Michael M. SOMMA, Appellant/Cross-Appellee,
METRA ELECTRONICS CORP.
This is the case that was sited in this post
It addresses enforceability of a note due to taxes not paid…
It seems to me if this is plead properly, it can be a game changer…
If you haven’t read HSBC v Foreman I suggest you do now…
Michael M. SOMMA, Appellant/Cross-Appellee,
METRA ELECTRONICS CORP., etc., Appellee/Cross-Appellant.
No. 98-1774.District Court of Appeal of Florida, Fifth District.
February 12, 1999.Eric W. Ludwig of Eric W. Ludwig, P.A., Altamonte Springs, for Appellant/Cross-Appellee.
Melissa Clark Daley of Melissa Clark Daley, P.A., Tampa, for Appellee/Cross-Appellant.
The dispositive issue raised in this action to enforce a promissory note is whether the trial court was required to dismiss the action once it was established at trial that the plaintiff had failed to pay the taxes due on the note. We conclude that the trial court should have dismissed the action because a promissory note is not enforceable in any Florida court until the requisite tax due on the note is paid. See § 201.08, Fla.Stat. (1997). Accordingly, we reverse the final judgment entered below.
In January 1997, Metra Electronics Corporation (Metra) executed a $1,893,750 promissory note in favor of Michael Somma. The note was executed in accordance with the terms of a settlement agreement reached by the parties relating to an earlier dispute. The terms of the note required Metra to pay Mr. Somma $18,750 per month for a period of ten years. The payments were to be made by the 21st day of each month and the note did not include a grace period for late payment. An acceleration clause was included in the note providing that Mr. Somma could demand the entire amount due if Metra failed to make a monthly payment.
Pursuant to the parties’ agreement, Metra arranged to deposit its monthly payments into Mr. Somma’s Prudential investment account. Metra made an initial deposit of $348,000 with Sun Trust Bank and instructed Sun Trust to forward the monthly note payments to Mr. Somma’s Prudential account.
The payments were made by Sun Trust in accordance with the terms of the promissory note until June 1997 when the funds contained in Metra’s Sun Trust account fell below $18,750. Since the balance in the account was not sufficient to pay the amount 303*303 due, Sun Trust did not forward the June payment to Mr. Somma’s Prudential account. Sun Trust did not notify Metra of the deficiency until early July. Upon notice, Metra instructed Sun Trust to forward the remaining account balance of $12,554.94 to Mr. Somma’s Prudential account. This payment was made on July 2. On July 3, Metra issued a check in the amount of $6,131.55 payable to Mr. Somma’s Prudential account. Notwithstanding the payment of these sums, $63.51 remained due on the June installment payment. Mr. Somma promptly declared the note to be in default and filed this suit seeking to accelerate the balance due on the promissory note.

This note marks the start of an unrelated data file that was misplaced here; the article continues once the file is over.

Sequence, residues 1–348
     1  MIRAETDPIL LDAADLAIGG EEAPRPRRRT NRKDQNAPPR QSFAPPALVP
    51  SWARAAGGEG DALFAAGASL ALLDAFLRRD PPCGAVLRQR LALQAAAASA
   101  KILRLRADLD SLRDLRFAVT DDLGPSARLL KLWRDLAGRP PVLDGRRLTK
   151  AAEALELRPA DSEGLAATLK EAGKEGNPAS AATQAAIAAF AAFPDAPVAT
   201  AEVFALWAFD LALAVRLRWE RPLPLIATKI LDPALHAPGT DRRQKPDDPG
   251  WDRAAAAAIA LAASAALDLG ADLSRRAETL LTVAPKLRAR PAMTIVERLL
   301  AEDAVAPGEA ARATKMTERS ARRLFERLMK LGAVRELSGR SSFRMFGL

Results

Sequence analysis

The case proceeded to non-jury trial. During his case-in-chief, Mr. Somma offered the promissory note into evidence. The note did not have documentary tax stamps affixed, and Mr. Somma did not offer any evidence that the taxes due on the note had been paid. Metra moved for involuntary dismissal of the lawsuit, arguing that the trial court lacked authority to enforce the note because the taxes due on the note had not been paid. To support this argument, Metra cited to section 201.08 of the Florida Statutes which provides in relevant part:
201.08 Tax on promissory or nonnegotiable notes, written obligations to pay money, or assignments of wages or other compensation; exception.—
* * * * * *
The mortgage, trust deed, or other instrument shall not be enforceable in any court of this state as to any such advance unless and until the tax due thereon upon each advance that may have been made thereunder has been paid.
§ 201.08(1), Fla.Stat. (1997) (emphasis added). The trial court reserved ruling on the motion and the trial proceeded.
At the close of trial the court, in an effort to reach an equitable result, denied Metra’s motion to dismiss but entered final judgment in Metra’s favor concluding that: 1) Prudential was Mr. Somma’s agent and was authorized to accept the late and deficient payments from Metra and Sun Trust; 2) the deficiency in the June payment was de minimis and Metra had substantially performed its obligations pursuant to the terms of the note; 3) Mr. Somma’s failure to pay the taxes due on the note did not deprive the court of authority to enforce the note; and 4) Metra had waived any objection to Mr. Somma’s failure to pay taxes by failing to raise the issue sooner. Both parties have appealed the final judgment.
Mr. Somma contends that the trial court erred in applying the equitable doctrine of substantial performance and in determining that Prudential was his agent and not merely a depository. On cross appeal Metra argues that the trial court erred in failing to dismiss the action due to Mr. Somma’s failure to obtain the requisite documentary tax stamps. Although the arguments raised by Mr. Somma have piqued our interest, we only need to determine the issue raised on cross appeal because that determination is dispositive.
Other courts have addressed procedural issues arising from the fact that at trial the plaintiff failed to establish that the requisite taxes had been paid on instruments which they were seeking to enforce. For example, in Owens v. Blitch, 443 So.2d 140 (Fla. 2d DCA 1983), the trial court refused to admit a promissory note into evidence because the documentary tax stamps on the note had been belatedly purchased. On appeal, the second district reversed this ruling, holding that “[n]othing in Florida law would deny enforceability of promissory notes merely because documentary stamps have been belatedly affixed.” Id. at 141.